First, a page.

no thanks needed

This news story has been floating around on my Facebook and Twitter feeds for the last day or so from other moms. I finally watched the video, and . . . [insert confused face].

Motherhood is hard work. Don’t I know it. While I have a full-time job out of the home, I’m also a full-time mom. I wake up every morning at 6 a.m. and drag my sleepy toddler with me on the bus by 7 a.m. so that she can be at school in time for breakfast, by 8. Then, I’m off to work for 9 hours until it’s time to head back to daycare and pick her up. I commute home with her in the afternoon, which is inevitable twice as long due to traffic. (Do you know how difficult it is to keep an exhausted toddler occupied on a bus that’s practically stationary for 45+ minutes? HARD.) We get home. Someone makes dinner. Our daughter gets a bath. We have some down time that consists of reading and/or Sesame Street, and then it’s off to bed for her and (one hour later) for me.

Weekends are exhausting, too. We have chores to do, like grocery shopping, cleaning, and laundry, but no toddler wants to sit inside all day and do those things. We work in time at the park or other activities. We have to fit in at least two hours, sometimes three, for a nap. And we are always moving. Sitting still is not an option, because she doesn’t sit still. Not unless she’s sleeping, of course.

Yet, I don’t consider being a mom a job.

A job is defined as “the work that a person does regularly in order to earn money.” I have a job. It’s the place I go to every day and execute tasks for which an employer pays me. Being a mom is not my job. I wouldn’t even consider it my job if I were a stay-at-home mom. Being a mom was a choice that I made. It’s a role I play. It’s part of me, but it certainly doesn’t define me. Being a mom is important — to me. That doesn’t mean that it’s important to everyone or should be important to everyone. Not every woman wants to be a mom, and that’s okay. Not every woman can be a mom. Does that make their value as a woman or a human being any less significant?

I don’t want my role as a parent to be defined as work. I don’t want my worth as a woman to be defined by the fact that I am a mother. I don’t want the fact that I am a mother to lessen anything else significant I might do in my life. Yes, mothers are amazing. ALL women are amazing. All women are important and can do incredible things. We don’t have to be mothers in order to achieve that status.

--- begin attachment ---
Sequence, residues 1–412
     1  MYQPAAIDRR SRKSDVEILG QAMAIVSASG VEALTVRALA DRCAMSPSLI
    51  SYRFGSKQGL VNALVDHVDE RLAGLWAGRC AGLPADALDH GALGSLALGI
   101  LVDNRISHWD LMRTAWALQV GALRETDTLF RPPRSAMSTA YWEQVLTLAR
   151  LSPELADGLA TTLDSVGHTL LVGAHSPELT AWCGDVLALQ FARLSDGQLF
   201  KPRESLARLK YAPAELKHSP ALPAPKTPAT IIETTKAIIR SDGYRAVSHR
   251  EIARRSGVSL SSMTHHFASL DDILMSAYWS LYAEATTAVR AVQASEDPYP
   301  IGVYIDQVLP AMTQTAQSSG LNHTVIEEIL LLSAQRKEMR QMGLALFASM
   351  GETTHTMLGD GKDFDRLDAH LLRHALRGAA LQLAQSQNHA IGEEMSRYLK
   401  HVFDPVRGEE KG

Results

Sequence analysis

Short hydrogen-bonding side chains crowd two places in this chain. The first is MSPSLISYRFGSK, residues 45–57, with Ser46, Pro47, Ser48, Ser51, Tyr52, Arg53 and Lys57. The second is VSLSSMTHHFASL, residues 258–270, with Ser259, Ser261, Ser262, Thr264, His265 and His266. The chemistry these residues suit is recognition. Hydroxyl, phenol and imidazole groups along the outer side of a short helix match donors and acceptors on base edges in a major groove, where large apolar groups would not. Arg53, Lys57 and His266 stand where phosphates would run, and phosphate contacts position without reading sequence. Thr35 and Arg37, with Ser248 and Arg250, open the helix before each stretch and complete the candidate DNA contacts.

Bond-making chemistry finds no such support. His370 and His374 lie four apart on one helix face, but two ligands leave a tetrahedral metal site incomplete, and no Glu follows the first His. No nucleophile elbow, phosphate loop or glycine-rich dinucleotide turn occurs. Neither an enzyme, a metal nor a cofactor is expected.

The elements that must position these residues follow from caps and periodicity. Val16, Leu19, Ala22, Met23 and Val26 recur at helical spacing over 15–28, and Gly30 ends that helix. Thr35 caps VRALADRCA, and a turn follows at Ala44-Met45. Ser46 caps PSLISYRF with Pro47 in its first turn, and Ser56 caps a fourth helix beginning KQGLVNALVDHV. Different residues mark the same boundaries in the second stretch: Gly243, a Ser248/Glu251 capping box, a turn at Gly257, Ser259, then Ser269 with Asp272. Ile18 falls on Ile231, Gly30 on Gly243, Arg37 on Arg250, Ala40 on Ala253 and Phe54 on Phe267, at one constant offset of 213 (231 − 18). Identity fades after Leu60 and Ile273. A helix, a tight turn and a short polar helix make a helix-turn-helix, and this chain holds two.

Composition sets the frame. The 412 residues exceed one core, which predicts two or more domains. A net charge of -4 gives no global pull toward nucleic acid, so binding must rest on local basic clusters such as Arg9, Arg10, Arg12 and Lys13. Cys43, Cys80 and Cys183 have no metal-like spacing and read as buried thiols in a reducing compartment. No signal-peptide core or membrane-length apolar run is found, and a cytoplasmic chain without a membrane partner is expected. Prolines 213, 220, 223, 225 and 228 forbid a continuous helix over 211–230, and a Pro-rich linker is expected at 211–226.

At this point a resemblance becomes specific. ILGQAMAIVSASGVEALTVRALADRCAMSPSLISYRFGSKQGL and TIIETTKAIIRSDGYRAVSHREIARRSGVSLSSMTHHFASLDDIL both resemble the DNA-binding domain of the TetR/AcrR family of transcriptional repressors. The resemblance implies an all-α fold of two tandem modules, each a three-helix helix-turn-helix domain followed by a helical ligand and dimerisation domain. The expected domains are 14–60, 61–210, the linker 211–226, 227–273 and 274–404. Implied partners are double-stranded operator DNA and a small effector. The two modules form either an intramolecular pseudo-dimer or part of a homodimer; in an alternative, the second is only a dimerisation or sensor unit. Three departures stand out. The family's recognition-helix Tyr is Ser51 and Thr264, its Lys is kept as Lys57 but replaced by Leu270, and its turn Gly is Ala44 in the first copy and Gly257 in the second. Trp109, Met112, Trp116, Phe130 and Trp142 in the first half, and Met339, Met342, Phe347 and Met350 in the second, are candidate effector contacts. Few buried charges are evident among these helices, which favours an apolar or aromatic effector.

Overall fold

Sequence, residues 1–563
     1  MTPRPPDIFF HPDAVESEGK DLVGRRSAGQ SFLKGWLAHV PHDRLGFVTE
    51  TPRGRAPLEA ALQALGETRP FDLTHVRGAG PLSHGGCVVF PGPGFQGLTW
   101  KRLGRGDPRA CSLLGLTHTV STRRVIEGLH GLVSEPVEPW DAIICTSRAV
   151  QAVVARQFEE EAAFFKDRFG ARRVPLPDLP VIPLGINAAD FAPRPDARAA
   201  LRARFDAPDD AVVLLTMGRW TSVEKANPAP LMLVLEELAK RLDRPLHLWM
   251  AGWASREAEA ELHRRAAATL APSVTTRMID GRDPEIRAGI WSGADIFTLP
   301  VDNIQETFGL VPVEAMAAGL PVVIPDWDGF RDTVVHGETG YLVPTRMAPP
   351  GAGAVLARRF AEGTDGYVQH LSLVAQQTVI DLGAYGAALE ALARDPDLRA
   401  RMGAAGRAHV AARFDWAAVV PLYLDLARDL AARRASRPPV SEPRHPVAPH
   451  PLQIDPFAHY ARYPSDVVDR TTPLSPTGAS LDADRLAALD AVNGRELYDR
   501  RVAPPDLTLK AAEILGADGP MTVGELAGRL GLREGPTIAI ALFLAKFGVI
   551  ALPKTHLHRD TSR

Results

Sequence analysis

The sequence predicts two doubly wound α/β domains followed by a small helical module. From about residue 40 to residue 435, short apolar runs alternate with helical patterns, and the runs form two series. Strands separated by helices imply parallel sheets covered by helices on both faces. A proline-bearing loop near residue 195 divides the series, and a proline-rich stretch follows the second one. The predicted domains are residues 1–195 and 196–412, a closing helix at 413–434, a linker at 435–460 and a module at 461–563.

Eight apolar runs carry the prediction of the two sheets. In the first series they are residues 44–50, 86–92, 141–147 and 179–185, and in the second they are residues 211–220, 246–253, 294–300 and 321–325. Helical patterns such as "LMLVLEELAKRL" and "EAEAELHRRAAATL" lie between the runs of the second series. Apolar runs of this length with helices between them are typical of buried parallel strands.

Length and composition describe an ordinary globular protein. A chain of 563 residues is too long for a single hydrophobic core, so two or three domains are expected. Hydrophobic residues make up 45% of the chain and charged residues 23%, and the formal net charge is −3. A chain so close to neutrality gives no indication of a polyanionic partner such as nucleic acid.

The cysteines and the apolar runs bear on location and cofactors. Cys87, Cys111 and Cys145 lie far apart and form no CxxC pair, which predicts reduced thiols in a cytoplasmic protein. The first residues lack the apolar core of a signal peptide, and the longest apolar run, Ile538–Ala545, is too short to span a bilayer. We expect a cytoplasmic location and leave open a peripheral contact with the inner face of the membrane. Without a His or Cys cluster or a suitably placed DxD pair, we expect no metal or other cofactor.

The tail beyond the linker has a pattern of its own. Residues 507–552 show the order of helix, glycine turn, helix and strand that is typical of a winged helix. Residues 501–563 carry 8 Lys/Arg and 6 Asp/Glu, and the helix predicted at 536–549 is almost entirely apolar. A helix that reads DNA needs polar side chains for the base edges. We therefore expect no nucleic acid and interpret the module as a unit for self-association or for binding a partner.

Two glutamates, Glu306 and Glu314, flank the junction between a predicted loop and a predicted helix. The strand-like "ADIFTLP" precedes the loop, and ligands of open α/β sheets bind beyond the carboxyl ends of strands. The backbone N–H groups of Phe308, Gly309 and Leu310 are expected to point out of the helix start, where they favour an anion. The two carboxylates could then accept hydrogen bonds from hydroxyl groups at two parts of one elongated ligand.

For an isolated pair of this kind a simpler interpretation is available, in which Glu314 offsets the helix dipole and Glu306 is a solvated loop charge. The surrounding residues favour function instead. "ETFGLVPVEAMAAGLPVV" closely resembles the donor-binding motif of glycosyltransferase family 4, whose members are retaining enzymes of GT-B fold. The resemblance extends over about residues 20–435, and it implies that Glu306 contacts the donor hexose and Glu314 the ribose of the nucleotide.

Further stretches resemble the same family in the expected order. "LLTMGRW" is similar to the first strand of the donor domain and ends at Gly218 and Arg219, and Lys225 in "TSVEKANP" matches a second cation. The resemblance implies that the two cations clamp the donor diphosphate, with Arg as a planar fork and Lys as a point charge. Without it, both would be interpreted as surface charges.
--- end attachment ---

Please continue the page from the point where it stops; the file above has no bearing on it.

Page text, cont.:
Motherhood is a responsibility I have, and it’s a hard one, but I made the conscious decision to take on that responsibility. I didn’t become a mom to get a pat on the back or have people marvel at how “difficult” my life must be. I didn’t become a mom because I wanted my existence to be defined by the number of times I wipe my child’s ass or how many hours of sleep I lose in a lifetime. I became a mom because I wanted to be a mom, and I wanted to share my love with another human being.

It’s not any more or less complicated than that.

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5 thoughts on “no thanks needed

  1. Dawn says:

    I watched this today and thought it was a nice reminder to thank my mother for her role in my life.

    I don’t view motherhood as a job at all. It’s a roll I’ve been incredibly blessed to fill.

  2. Ever since yesterday as I’ve watched friend after friend share that video with comments like “must see” and “teary now” and it wasn’t until today that I watched it. It did not resonate with me, I didn’t believe the rouse from the get-go, and I didn’t find it compelling or heartwarming (especially and probably b/c of my own estrangement from my mother). I don’t feel like it is a job, either. It is my role, one I gladly and whole-heartedly accept. Do I think that others sometimes underestimate or forget what motherhood is like? Sure. But do I care that they do? No.

    In an effort not to offend or alienate my FB friends who were touched, I’ve stayed mum, but I am so glad I am not the only one who feels the way that I do about the whole charade.

    • I’m glad I’m not the only one who feels this way. I was also a bit bothered by the assumption that only moms hold these responsibilities. Dads do, too! And what about same-sex male couples?

      I clearly have more issues with this video than can fit in one, succinct blog post.

  3. I agree 100% with “it what it is”‘s response. I get that some people don’t appreciate motherhood. But I agree with you K, this should be more about valuing women- whatever roles we choose for ourselves. It just doesn’t resonate with me to go about this in this way and I could see through it from the beginning. I don’t feel more special, more qualified, more important because I am mom. And I hate when other women feel they deserve queen status because they are moms- respect sure! Admiration for those who do it well- absolutely! Love for my mom and the sacrifices she made- yes! But I am not going to bow.

    Yes, some people might not get it appreciate my role as a SAHM, but that’s their problem, I’m doing what makes sense for my family. (And having done both, working full time mom is MUCH harder.) I don’t need to justify it to anyone except our little family. I get that some people look down on it and don’t get that their is a financial value in it (for example- the cost of day care makes it so I would have very limited earning.) But- if that’s the point- they went about it wrong.

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